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Mora v. Chapa

United States District Court, S.D. Texas, Corpus Christi Division

March 30, 2017

GERALD MORA, Plaintiff,
v.
JOSE CHAPA, et al, Defendants.

          ORDER

          Hilda Tagle Senior United States District Judge

         Plaintiff Gerald Mora (“Mora”), a Texas state prisoner, filed this civil rights action pursuant to 42 U.S.C. § 1983. Mora is currently incarcerated at the McConnell Unit in Beeville, Texas. Mora is a throat cancer survivor and has a stoma in his throat to facilitate his breathing. Mora alleges that on four different occasions-March 25, 2012, August 25, 2013, November 11, 2013, and August 24, 2014-he went to the medical department at the McConnell Unit in order to obtain his medical supplies to care for his stoma and was denied the supplies by Defendant Jose Chapa (“Chapa”), Nurse Clinician of the McConnell Unit. See Compl., D.E. 1, at 6-16. Mora claims that Chapa was deliberately indifferent to his medical needs in violation of the Eighth Amendment and retaliated against Mora for filing grievances against Chapa. Plaintiff also brings claims against Defendant Gary Eubanks, Associate Chief Nursing Officer (see D.E. 57 at 1), for injunctive relief under § 1983 and the Americans with Disabilities Act (“ADA”). The Court has before it Mora's Complaint (D.E. 1), Defendants' Motion for Summary Judgment (D.E. 68), Mora's Response to Defendant's Motion for Summary Judgment (D.E. 97), the Memorandum and Recommendations (“M&R”) of the Magistrate Judge to whom this case was referred pursuant to 28 U.S.C. § 636(b) (D.E. 98), and Mora's response in opposition to the M&R (D.E. 105).

         The Magistrate Judge recommended that Defendants' Motion for Summary Judgment be granted. More specifically, the Magistrate Court determined that Mora had exhausted his administrative remedies for incidents occurring in March 2012, August 2013, and November 2013, and therefore recommended that Defendants' Motion for Summary Judgment on the issue of exhaustion be denied. See M&R, D.E. 98 at 9-12. On all of Mora's substantive claims, however, the Magistrate Judge recommended granting Defendants' Motion for Summary Judgment. On the Eighth Amendment claim, the Magistrate Court determined that there is no genuine dispute of material fact as to if Defendants were deliberately indifferent to Mora's serious medical needs. Id. at 13-18. On the retaliation claim, the Magistrate Court determined that there is no genuine dispute of material fact that Defendants denied Mora his medical supplies on four sporadic and infrequent occurrences due to McConnell Unit and Texas Department of Criminal Justice (“TDCJ”) “sick call” policy[1] rather than in retaliation against Mora. Id. at 19-22. On the ADA claim, the Magistrate Court found no genuine dispute of material fact that Mora was denied or delayed medical supplies to clean his stoma for policy reasons, and not on the basis for disability. Id. at 24-26. Furthermore, the Magistrate Court found that Mora did not satisfy his burden to overcome the defense of qualified immunity. Id. at 22-24.

         More files several objections to the M&R. On the Eight Amendment claim, Mora points to language of the Magistrate Judge's February 17, 2016 Supplemental Memorandum and Recommendation on Remanded Claims (“February 17, 2016 Supplemental M&R”). D.E. 105 at 3 (citing D.E. No. 31 at 8-9). In the February 17, 2016 Supplemental M&R, entered at an earlier stage of litigation, the Magistrate Judge found that:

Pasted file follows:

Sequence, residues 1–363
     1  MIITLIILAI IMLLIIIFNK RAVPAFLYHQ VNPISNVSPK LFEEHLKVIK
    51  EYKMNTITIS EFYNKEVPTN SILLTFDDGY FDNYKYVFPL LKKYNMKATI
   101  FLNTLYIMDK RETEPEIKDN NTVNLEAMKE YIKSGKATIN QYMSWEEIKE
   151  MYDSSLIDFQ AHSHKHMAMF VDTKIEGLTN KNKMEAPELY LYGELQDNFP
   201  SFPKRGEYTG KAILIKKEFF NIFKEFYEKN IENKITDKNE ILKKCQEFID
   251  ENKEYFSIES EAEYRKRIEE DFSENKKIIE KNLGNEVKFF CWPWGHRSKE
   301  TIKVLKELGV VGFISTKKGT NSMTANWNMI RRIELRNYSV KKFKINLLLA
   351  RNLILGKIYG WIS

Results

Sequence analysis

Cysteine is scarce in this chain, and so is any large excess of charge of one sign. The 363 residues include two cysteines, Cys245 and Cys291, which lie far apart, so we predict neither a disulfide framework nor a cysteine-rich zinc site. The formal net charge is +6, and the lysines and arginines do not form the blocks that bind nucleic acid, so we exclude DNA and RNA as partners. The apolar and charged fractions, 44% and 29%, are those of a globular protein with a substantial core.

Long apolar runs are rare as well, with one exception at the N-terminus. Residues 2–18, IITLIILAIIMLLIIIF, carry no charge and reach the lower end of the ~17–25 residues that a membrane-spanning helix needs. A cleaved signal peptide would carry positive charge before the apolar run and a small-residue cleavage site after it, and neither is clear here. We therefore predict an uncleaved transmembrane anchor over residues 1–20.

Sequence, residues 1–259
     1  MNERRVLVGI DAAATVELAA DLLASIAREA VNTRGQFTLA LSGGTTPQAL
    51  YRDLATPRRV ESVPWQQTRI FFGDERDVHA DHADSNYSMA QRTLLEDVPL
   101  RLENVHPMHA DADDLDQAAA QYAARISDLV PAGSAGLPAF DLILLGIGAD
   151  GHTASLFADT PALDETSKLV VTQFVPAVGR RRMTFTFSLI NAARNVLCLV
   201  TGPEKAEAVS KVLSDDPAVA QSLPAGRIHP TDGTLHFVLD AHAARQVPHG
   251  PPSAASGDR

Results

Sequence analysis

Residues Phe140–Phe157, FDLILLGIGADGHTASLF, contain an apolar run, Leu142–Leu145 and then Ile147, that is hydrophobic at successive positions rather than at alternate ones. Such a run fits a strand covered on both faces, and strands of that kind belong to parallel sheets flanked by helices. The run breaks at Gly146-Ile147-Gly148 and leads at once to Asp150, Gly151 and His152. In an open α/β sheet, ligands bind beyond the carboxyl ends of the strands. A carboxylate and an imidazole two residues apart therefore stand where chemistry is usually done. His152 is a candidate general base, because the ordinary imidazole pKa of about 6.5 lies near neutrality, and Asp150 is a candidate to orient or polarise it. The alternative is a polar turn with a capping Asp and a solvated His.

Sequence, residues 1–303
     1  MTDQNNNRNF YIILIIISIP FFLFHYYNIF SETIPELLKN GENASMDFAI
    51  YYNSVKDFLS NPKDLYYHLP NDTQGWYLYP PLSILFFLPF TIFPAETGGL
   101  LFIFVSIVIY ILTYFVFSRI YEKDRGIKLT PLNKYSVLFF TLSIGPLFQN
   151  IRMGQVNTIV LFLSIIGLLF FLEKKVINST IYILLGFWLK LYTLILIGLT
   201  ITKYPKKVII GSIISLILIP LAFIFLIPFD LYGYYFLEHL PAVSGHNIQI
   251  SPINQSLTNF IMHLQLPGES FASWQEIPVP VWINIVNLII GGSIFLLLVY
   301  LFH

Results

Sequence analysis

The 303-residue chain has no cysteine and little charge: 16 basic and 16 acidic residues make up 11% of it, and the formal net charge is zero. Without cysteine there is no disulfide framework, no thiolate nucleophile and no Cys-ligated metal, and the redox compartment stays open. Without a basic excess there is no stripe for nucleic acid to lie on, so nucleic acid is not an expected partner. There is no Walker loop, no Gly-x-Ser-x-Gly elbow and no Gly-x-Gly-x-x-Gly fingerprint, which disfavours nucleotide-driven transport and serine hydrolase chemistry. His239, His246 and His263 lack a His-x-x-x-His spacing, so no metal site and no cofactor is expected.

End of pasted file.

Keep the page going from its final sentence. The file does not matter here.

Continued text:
The additional evidence offered by Plaintiff establishes that he has alleged sufficient facts to state a claim of deliberate indifference to his serious medical needs against Nurse Chapa in his individual capacity, as well as a claim for retaliation. In addition, his allegations state a cognizable claim under the ADA.

February 17, 2016 Supplemental M&R, D.E. 31 at 8.

         This language from the February 17, 2016 Supplemental M&R indicates that the Magistrate Judge found that Mora had alleged sufficient facts to state a claim upon which relief can be granted, and thereby was issuing his recommendation regarding the sufficiency of Mora's complaint under the motion to dismiss standard as outlined in Federal Rule of Civil Procedure 12(b)(6). See Fed. R. Civ. P 12(b)(6). Under the (12)(b)(6) standard, a court must accept the factual allegations in the complaint as true and construe all facts in favor of the plaintiff. Ashcroft v. Iqbal, 556 U.S. 662 (2009). However, at the summary judgment phase of litigation, which is the stage at which the Magistrate Judge issued the instant M&R, the court “shall grant summary judgment if the movant shows that there is no genuine dispute as to any material fact and the movant is entitled to judgment as a matter of law.” Fed.R.Civ.P. 56. In other words, at the summary judgment phase, the court examines the evidence to determine whether a trial is needed. Anderson v. Liberty Lobby, Inc., 477 U.S. 242, 249 (1986). If, based on the available proof, a reasonable jury would be required to find for one party at trial, then there is no need to proceed to trial and the court can enter judgment as a matter of law for that party. See Steven S. Gensler, Rule 56, Summary Judgment, 2 Federal Rules of Civil Procedure, Rules and Commentary (Feb. 2017). Therefore, any implication by Mora that the February 17, 2016 Supplemental M&R requires that this Court deny Defendants' motion for summary judgment is without legal merit.